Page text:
One of the reasons the college presidents insisted back then that there could not be and should not be any kind of playoff to crown a real national champion was that they didn’t want to ask too much of the so-called, ‘student-athletes.’
Then they added an 11th game. And a 12th. As leagues began to expand—and TV dollars kept growing—conference championship games were added, meaning that the best teams were playing a 13thgame BEFORE they played a bowl. Then, when the money on offer got to be too big to say no, the College Football Playoff came along five years ago, meaning if you won (or lost) a conference championship game and played in the national title game, you were playing 15 games.
That’s one MORE game than NFL teams played in the regular season when I was a kid. When the Green Bay Packers and Kansas City Chiefs played Super Bowl I in January of 1967, each was playing it’s 16thgame of the season—TOTAL. Now, to get to the Super Bowl, a team has to play at least 19 games and if a wild card team gets there, it is playing its 20thgame. That’s not counting exhibition games.
Given their druthers, the owners would expand the regular season to 18 games. At the very least, if they can’t get the players to go for 18 games, they will add two more games to the wild card round come 2021.
It’s worth noting that other professional sports haven’t really expanded schedules even as they have expanded the number of teams in their leagues. Major League Baseball went to a 162-game regular season schedule when it expanded from 16 teams to 18 in 1961 and then 20 in 1962. Now, there are 30 teams and they still play 162 games although the postseason has gone from two teams in 1968 to 12 now. Once, you had to win four World Series games to be champions; now you have to win 11 games—or 12 as a wild card team—to win a title.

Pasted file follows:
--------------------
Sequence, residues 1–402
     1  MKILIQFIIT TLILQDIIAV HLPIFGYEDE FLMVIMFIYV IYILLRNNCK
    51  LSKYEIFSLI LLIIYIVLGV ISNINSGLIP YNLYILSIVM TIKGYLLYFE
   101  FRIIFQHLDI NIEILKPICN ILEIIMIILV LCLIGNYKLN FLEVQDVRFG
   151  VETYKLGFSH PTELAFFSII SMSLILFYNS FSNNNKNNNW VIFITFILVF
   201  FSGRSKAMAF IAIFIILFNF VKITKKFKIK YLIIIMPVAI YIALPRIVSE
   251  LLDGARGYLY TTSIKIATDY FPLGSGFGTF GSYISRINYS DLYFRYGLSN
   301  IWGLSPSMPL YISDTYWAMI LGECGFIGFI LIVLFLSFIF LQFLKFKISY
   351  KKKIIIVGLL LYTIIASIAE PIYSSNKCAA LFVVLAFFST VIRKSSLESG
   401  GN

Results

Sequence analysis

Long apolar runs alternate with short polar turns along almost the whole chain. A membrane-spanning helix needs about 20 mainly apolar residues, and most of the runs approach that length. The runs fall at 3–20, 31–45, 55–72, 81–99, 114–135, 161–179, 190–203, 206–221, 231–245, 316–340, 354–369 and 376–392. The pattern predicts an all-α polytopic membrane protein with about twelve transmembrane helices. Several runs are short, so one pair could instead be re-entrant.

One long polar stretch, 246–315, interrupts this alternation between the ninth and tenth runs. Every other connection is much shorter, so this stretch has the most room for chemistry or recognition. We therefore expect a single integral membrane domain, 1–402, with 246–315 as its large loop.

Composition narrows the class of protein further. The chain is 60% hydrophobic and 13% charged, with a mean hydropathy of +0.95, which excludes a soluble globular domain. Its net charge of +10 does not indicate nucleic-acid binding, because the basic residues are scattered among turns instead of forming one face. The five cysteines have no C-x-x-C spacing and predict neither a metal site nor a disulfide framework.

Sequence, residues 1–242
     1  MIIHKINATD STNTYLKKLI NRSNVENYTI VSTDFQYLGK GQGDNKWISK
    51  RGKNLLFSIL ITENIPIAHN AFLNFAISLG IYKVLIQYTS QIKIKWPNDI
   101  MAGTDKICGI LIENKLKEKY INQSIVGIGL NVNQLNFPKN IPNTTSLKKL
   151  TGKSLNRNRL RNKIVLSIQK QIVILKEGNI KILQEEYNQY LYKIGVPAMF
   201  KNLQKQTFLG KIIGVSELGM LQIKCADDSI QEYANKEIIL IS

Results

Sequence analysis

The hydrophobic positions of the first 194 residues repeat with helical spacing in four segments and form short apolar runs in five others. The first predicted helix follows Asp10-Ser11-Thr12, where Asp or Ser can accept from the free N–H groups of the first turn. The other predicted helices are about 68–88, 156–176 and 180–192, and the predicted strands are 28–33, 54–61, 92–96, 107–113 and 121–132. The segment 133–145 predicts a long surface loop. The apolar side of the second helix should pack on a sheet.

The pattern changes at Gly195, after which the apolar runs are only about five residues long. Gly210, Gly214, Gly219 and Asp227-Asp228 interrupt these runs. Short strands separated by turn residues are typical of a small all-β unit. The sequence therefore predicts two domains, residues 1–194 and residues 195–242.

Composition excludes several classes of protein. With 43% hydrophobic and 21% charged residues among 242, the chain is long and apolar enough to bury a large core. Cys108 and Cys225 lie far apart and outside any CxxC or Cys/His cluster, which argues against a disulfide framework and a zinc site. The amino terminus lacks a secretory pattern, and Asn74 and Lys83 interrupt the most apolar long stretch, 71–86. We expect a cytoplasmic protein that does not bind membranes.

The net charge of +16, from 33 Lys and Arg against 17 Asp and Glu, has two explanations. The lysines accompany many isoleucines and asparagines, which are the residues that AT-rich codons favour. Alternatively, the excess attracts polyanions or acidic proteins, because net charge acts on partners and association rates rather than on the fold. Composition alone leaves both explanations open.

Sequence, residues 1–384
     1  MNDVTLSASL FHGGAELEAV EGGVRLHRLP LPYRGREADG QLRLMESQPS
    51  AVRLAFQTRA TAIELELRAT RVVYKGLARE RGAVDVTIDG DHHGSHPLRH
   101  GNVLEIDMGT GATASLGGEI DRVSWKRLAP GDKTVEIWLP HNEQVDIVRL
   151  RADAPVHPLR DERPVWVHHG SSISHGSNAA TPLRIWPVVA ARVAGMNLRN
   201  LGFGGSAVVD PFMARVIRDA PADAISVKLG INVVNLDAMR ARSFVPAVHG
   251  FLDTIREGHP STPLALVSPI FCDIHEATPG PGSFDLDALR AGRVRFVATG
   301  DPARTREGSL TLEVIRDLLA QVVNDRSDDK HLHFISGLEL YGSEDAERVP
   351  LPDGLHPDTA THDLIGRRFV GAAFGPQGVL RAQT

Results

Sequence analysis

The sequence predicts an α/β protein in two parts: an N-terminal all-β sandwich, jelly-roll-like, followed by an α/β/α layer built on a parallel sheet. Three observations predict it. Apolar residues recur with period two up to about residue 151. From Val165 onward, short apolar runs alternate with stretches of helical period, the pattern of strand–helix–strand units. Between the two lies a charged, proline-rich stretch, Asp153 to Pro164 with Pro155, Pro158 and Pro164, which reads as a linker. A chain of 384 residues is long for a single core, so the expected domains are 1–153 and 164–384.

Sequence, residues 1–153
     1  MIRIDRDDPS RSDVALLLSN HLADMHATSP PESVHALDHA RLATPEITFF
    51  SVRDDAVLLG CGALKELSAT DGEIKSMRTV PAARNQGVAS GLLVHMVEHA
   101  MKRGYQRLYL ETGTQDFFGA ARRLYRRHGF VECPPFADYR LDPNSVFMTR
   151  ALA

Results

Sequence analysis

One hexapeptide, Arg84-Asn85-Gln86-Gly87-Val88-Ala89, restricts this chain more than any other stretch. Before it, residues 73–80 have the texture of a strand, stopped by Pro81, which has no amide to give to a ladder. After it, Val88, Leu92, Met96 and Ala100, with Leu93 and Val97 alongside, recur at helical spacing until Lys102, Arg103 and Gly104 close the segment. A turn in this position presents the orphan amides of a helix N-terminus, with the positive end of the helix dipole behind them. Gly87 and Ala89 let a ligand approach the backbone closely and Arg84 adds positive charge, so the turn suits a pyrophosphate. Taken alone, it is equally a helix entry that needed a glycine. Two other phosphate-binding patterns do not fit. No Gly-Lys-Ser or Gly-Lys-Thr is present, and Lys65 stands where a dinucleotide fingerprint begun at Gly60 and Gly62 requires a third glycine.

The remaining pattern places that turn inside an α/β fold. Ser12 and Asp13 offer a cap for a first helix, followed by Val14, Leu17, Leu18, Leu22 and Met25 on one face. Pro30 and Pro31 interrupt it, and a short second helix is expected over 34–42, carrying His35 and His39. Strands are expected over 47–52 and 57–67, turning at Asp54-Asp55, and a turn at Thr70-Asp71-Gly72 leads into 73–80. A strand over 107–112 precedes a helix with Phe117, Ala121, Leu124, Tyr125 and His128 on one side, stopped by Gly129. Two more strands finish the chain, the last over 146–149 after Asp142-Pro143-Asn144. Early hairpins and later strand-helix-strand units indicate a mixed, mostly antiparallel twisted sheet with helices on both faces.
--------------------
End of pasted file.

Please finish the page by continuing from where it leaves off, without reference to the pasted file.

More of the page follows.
The NBA has played 82 games for as long as I can remember, even though it has expanded from nine teams in 1966 to 30 now. It takes 16 wins—four best-of-seven series and two months—to win a championship. The National Hockey League was a six-team league in 1967 with a 70-game schedule and four playoff teams. Now it is a 31-team league with an 82- game schedule and an identical playoff format as the NBA.
Everything is bigger; everything takes longer—lots more TV commercials, longer halftimes, much more pre-game babble.